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These are the three deities of long-life: Amitayus in the middle, White Tara to his lower left, and Ushnishavijaya to his lower right. Amitayus, whose name means Limitless Life, is a sambhogakaya manifestation of the Buddha. He represents the realization that life has no beginning and no end. It was as Amitayus and his consort Chandali that Guru Padmasambhava and Lady Mandarava achieved immortality in the cave of Maratika in Nepal.

White Tara grants every wish and dispels every fear and so she is often called upon to extend a person's life. A human woman who became a bodhisattva, Tara goes from lifetime to lifetime as a saviouress from the horrors of samsara. As a goddess, she is represented in all classes of tantra and, in company with Amitayus and Ushnishavijaya, Long-Life Arya Tara inspired 19th century teachings uniting Mahamudra and dzogchen.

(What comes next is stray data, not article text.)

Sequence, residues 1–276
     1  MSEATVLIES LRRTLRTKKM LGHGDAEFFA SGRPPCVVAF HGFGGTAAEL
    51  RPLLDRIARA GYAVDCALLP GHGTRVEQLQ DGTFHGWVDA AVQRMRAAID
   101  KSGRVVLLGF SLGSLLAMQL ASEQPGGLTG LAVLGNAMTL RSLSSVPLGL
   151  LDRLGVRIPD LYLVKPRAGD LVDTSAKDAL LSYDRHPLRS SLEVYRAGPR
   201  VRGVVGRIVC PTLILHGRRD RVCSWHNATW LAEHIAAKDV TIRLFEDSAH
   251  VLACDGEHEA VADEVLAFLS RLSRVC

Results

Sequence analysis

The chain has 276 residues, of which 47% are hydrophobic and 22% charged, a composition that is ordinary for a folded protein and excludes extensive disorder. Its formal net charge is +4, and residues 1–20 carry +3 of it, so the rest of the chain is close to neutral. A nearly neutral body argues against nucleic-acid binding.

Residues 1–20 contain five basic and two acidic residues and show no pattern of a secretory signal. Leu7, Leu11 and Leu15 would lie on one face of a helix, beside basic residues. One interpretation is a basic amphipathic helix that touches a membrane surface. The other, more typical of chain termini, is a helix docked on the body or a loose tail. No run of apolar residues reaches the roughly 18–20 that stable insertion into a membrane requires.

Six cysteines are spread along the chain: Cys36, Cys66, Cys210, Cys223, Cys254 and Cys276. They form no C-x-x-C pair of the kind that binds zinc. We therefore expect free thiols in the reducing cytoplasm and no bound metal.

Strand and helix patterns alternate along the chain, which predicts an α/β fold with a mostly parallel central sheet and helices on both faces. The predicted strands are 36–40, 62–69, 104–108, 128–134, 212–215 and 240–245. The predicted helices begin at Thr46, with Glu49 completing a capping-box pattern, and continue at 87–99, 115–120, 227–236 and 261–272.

Ushnishavijaya, the Crown Adornment's Victory, is meditated upon as the build-up of matter, the ushnisha, which appears upon a Buddha's head. From there she supplies her practitioner with a constant stream of ambrosia (amrita) which brings victory over the death lord Mara. Her first three right hands hold a vishvavajra, Amitabha seated on a lotus, and an arrow, and the fourth makes the gesture of giving. Of her four left hands, one makes the gesture of protecting, and the other three hold a lasso, a bow, and a vase filled with the ambrosia, the elixir of immortality.

James Rutke (Palden Lotsawa)
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